History of the Trench Coat | Trench Coat Style Guide | Gloverall – Gloverall
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History of the Trench Coat

Now regarded as a timeless style, the origins of the trench coat date back to the 1820s. The trench coat, once military uniform, is now the go-to coat for a sophisticated ensemble in the 21st century. The trench coat’s origins are often debated, but it is always regarded as a symbol of quintessential British smartwear. Flash forward to 2020, the trench coat has been reimagined in countless fabrics and styles. It is the perfect choice for city and country life alike.

 But who invented it and why was it so revolutionary? How exactly did it go from military uniform to a universal piece for film star archetypes and (nowadays) a great piece to throw on when you need to put some effort in?

This guide covers the history of the trench coat, who invented it and the best ways to wear it and the correct sizing.

What is a trench coat?

A trench coat can be identified by the following features:

  • Double-breasted
  • Wide lapels
  • 6-10 button fastening
  • A pleated cape, also known as a “storm flap” to allow rain to fall off
  • Waist belt (either a D-ring or tie)
  • Adjustable buckle cuffs around the wrists
  • Made from heavy-duty cotton
  • Waterproof
  • Raglan sleeves
  • Knee-length or full-length

The trench coat's design made it practical in war, but also in everyday life. The length and cut, with the adjustable belted waist, made it a flattering shape for men and women. A popular style in Hollywood films, it was worn by detectives, gangsters and femme fatales alike.

Marlene Dietrich Source: A Foreign Affair // Marlene Dietrich, 1948

Who invented the trench coat?

In the early 19th century, almost 100 years before World War I, Charles Macintosh crafted coats from rubberised cotton for the British military. Named after their inventor, the trench coat used to be known as ‘macs’. The coats were revolutionary because they were waterproof. However they, lacked breathability and had a distinctive smell due to keeping sweat in. They were even known to sometimes melt in the sun.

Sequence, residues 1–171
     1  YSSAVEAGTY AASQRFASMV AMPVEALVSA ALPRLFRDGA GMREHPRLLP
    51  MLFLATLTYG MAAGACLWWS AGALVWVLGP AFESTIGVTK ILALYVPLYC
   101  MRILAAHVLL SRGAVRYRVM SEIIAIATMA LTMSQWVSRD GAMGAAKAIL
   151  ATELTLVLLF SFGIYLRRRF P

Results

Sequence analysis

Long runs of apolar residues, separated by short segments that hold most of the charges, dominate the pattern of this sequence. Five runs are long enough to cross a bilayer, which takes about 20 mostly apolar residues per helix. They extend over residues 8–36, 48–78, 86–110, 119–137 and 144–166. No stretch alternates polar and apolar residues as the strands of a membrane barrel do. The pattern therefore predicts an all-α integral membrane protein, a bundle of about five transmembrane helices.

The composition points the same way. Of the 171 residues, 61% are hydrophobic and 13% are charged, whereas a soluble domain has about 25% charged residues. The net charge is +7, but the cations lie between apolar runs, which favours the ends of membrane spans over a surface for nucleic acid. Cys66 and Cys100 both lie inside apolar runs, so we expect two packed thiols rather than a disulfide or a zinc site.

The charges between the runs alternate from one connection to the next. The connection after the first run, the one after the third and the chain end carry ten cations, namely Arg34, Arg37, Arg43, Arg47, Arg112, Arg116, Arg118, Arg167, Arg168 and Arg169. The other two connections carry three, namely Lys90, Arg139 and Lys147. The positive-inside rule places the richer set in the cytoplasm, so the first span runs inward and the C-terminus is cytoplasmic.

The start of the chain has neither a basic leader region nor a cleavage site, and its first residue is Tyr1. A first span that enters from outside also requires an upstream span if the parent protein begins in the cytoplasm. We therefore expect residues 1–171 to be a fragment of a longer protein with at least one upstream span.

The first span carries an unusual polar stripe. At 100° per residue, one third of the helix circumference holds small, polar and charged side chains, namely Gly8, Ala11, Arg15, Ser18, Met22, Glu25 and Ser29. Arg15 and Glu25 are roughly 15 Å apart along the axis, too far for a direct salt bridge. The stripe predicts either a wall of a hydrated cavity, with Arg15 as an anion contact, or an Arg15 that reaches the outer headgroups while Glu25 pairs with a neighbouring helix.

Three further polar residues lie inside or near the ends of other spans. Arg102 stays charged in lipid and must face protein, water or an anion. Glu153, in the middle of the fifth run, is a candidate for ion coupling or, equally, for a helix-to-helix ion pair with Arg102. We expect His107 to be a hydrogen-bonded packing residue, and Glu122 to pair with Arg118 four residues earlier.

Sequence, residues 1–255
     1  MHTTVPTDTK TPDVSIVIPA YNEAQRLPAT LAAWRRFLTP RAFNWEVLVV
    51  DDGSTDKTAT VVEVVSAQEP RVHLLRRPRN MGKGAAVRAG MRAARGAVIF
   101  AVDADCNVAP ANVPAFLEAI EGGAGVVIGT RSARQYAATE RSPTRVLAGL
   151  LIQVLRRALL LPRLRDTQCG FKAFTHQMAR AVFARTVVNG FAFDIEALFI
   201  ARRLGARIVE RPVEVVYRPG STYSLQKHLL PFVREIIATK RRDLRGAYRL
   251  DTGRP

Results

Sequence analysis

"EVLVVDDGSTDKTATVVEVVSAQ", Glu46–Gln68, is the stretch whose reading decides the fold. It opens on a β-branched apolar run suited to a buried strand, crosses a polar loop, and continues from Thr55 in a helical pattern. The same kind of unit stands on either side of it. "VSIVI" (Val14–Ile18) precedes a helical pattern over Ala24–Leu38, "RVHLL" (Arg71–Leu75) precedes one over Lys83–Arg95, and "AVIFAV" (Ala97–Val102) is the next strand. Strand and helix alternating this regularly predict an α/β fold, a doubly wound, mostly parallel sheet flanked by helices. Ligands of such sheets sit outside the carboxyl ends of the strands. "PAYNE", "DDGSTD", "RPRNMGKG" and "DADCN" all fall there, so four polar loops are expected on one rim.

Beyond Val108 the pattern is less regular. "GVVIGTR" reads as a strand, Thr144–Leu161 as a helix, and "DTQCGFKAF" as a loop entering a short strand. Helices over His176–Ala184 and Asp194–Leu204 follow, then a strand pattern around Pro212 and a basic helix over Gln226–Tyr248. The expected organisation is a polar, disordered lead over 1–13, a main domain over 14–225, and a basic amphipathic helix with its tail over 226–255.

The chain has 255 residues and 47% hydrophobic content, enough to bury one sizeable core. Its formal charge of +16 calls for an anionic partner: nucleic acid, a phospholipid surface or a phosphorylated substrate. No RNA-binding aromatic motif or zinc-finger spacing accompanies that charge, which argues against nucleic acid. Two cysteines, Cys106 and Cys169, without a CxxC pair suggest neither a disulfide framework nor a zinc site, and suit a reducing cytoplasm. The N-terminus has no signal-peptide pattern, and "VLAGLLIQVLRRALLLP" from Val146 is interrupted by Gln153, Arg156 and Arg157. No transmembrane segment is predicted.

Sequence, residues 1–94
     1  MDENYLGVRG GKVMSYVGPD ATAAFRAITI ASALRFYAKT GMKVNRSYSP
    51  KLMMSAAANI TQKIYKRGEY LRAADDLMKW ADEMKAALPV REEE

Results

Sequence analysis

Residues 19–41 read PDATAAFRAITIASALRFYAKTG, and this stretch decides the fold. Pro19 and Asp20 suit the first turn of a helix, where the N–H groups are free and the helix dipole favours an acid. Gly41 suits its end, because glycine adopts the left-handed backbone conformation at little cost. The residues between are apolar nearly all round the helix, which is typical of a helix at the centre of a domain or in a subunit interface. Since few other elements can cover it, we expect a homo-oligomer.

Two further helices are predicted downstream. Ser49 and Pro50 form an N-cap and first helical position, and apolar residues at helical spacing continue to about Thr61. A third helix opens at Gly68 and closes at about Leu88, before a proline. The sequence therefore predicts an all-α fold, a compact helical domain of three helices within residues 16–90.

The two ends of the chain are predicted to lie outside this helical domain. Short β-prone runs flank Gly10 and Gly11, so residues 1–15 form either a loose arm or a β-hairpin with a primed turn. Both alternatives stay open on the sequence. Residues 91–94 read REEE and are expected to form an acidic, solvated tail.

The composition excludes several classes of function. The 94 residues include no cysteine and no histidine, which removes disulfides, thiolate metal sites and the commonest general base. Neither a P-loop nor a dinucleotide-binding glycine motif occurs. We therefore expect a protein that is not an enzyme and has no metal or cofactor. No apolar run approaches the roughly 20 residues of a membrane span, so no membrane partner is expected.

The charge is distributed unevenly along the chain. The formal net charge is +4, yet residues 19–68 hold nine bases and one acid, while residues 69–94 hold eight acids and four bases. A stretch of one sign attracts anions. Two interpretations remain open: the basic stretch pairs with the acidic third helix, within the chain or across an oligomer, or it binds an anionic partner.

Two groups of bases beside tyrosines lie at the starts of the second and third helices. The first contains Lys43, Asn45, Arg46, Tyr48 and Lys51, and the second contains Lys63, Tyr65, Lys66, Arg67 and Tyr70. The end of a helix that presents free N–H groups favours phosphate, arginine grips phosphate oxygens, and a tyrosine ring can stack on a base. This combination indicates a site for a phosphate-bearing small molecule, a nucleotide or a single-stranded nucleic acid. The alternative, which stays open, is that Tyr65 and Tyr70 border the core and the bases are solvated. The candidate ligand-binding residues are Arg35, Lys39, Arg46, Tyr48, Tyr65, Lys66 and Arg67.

From this, other clothiers developed new waterproof fabrics that addressed the need for greater ventilation. In 1853, John Emary patented a new waterproof fabric that was much more breathable for his company called ‘Aquascutum’ (Latin for “water shield”).

A few years later, Thomas Burberry created gabardine fabric in 1856. This was a waterproof and breathable twill fabric which coated individual fibre strands, rather than the whole fabric.

British soldiers in trench coatsSource: Hulton-Deutsch Collection/Corbis // British soldiers in trench coats, 1914

The classic trench coat’s design developed from the needs of soldiers during WWI. Soldiers had previously worn long wool overcoats which could be itchy, ill-fitting and heavy. The trench coat offered a silhouette that was shorter, lighter and waterproof.

The design details were functional as the storm flap on the shoulder enabled ventilation, whilst at the back a small cape allowed water to roll off. Deep pockets and D rings on the belt for attaching tools finished off the practical design.

Lieutenant General Omar Bradley and Major General J. Lawton CollinSource: Naval Historical Center // Lieutenant General Omar Bradley and Major General J. Lawton Collin, 1944

Where to buy a trench coat?

Gloverall is renowned for luxury trench coats that stand the test of time and put a modern spin on this timeless style. The Audrey Trench Coat features all the classic trench details with a contemporary oversized fit, whilst our Freya Trench Coat is available in rich autumnal shades and made from a chunky corduroy.

Gloverall Audrey Trench Coat

Discover our classic range of women’s coats today.